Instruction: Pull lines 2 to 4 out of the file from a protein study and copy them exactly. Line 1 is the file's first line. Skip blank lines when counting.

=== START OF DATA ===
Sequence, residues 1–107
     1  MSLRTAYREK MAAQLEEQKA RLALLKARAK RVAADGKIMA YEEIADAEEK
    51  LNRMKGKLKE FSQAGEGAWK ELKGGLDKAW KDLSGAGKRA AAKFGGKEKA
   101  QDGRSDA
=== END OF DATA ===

     1  MSLRTAYREK MAAQLEEQKA RLALLKARAK RVAADGKIMA YEEIADAEEK
    51  LNRMKGKLKE FSQAGEGAWK ELKGGLDKAW KDLSGAGKRA AAKFGGKEKA
   101  QDGRSDA